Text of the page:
I'd glue about a 1/4" to a 1/2" down. Once it was dry, I'd wet it with a brush and shape it with the sealing iron, so that it lay against the adjacent plank. The heat really done a number on that thin stuff and you can make it lay so tight that you have to pry it off to apply the glue.

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I've just been using Tite-bond Original wood glue, and holding the planks in place until they hold when I can't get a clamp in place.  If you spread the glue very thin on both sides of the bond and let it 'tack' first, then press it in place with firm pressure, it bonds in place about as fast as medium CA.  I'm planning to do the entire 2nd planking on the AVS like this without using any tacks/nails at all (time will tell if it works as well as it did on the bulkheads).

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  • 4 weeks later...
  • 1 month later...

Well, it took a little while longer than I first thought but I've finally got the first layer of planking finished, hurrah!!
It's my first build and as such my first attempt at planking, my goal was to try and have no stealers or drop planks.
The main thing I regret is pinning through the planks to hold in place while the glue set, but once I'd thought of pinning next to the plank I managed a more appealing look. As this is the first layer I can live with it.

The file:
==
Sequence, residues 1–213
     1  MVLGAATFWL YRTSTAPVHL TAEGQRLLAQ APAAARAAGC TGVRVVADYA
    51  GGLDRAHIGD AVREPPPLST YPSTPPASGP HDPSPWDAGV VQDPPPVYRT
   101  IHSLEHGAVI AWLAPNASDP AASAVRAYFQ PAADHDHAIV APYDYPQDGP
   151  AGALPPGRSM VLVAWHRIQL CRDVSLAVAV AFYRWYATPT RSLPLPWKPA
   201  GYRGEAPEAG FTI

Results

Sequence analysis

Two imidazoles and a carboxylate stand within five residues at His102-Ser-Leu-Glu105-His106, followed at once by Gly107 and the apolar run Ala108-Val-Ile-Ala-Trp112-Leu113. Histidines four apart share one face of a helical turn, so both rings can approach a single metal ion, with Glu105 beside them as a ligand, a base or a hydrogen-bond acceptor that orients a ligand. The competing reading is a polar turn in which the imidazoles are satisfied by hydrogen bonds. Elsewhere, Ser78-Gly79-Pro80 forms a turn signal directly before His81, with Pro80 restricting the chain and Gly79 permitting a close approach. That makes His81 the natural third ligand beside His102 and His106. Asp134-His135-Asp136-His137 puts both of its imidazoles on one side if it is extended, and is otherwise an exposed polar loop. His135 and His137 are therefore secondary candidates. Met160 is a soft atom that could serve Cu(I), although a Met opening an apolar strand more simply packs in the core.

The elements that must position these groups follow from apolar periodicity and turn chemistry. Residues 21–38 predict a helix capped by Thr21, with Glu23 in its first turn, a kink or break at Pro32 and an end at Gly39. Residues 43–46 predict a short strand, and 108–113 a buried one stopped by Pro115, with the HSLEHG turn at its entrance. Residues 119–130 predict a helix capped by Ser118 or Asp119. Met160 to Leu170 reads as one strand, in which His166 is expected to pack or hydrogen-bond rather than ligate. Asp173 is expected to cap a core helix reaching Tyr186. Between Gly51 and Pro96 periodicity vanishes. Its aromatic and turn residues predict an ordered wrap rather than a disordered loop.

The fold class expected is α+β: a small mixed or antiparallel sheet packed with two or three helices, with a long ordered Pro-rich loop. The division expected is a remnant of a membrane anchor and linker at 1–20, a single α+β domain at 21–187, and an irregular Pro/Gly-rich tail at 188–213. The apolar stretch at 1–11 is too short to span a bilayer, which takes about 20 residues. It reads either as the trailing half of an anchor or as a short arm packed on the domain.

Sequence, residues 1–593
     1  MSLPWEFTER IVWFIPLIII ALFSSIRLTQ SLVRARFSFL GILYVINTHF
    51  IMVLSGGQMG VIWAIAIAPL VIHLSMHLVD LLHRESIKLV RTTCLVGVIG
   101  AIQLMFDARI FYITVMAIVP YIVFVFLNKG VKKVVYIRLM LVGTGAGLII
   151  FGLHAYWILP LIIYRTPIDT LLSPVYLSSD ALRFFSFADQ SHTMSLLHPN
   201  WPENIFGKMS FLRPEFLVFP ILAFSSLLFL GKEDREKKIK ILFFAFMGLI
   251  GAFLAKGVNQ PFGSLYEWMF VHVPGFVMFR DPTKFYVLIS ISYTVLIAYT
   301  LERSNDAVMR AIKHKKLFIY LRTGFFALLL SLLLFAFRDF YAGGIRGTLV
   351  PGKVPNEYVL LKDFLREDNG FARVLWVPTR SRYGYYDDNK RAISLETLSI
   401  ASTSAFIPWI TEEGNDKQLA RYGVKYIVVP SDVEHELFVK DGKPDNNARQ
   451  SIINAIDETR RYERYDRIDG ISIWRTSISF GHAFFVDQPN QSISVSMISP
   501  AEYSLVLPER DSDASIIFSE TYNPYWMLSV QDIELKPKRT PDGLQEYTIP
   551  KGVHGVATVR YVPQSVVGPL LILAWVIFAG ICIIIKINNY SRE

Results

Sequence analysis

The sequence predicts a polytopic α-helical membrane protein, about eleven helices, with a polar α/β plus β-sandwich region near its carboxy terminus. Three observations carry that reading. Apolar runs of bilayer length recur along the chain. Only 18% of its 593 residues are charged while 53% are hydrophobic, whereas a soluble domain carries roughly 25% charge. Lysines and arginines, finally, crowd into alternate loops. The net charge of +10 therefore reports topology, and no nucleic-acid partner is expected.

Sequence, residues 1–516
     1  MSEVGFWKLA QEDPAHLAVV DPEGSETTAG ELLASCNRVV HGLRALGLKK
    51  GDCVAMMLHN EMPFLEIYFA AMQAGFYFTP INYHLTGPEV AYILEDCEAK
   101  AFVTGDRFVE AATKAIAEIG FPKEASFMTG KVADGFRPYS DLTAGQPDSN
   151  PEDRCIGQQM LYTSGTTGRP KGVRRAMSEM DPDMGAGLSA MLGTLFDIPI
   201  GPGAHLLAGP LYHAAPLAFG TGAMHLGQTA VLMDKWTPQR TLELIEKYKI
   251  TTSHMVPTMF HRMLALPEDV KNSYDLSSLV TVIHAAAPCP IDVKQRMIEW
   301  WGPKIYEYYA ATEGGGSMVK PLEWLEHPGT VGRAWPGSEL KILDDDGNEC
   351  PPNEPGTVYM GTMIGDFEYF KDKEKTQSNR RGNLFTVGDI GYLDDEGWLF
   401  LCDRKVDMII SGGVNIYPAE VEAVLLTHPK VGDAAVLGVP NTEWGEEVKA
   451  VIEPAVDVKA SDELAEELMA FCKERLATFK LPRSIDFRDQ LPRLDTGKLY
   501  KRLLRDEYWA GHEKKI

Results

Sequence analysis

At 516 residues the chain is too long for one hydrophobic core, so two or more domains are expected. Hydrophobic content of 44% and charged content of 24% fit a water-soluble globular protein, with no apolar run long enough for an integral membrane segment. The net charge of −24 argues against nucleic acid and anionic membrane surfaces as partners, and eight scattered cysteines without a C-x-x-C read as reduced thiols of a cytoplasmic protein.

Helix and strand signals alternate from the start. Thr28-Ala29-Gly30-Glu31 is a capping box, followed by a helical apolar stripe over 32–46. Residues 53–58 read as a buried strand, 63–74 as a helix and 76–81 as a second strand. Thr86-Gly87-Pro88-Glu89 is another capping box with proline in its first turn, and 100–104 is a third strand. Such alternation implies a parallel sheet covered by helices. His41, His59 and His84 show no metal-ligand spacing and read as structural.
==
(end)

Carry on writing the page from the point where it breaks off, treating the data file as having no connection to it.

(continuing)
What do you guys think? 
What could I have done better/differently?

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Edited by giantdog
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  • 2 weeks later...

I think you are making the caulking to wide for the scale. Nice idea but go thinner. My advice would be use the line as a spacer and after the deck is planked and smoothed put it in. That way you will have a neat look.

David B

I have to agree with you David, I can't find the thread I used for the lower decks which was much thinner.

I've been undecided about this thread but you've confirmed my thinking and I think I'm going to remove the planking and start again.

 

Thank you for your input.

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on the lower decks I used 0.1mm black thread which when scaled up gave a chaulk of 5mm (baring in mind I'm not going for total scale accuracy).

I need to get to the shops and buy some more I guess. Goodness knows what I've done with it.
I'm just in the process of removing the planks.

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  • 3 weeks later...

Ok, moving forward.

I removed all the laid planks and sanded smooth. I thought about the black paper route but the curve of the deck kinda threw me, sooo.

I went back to the thread idea, I bought some 0.1mm and I've used that technique.

post-15202-0-34474700-1427059411_thumb.jpg

Edited by giantdog
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  • 1 month later...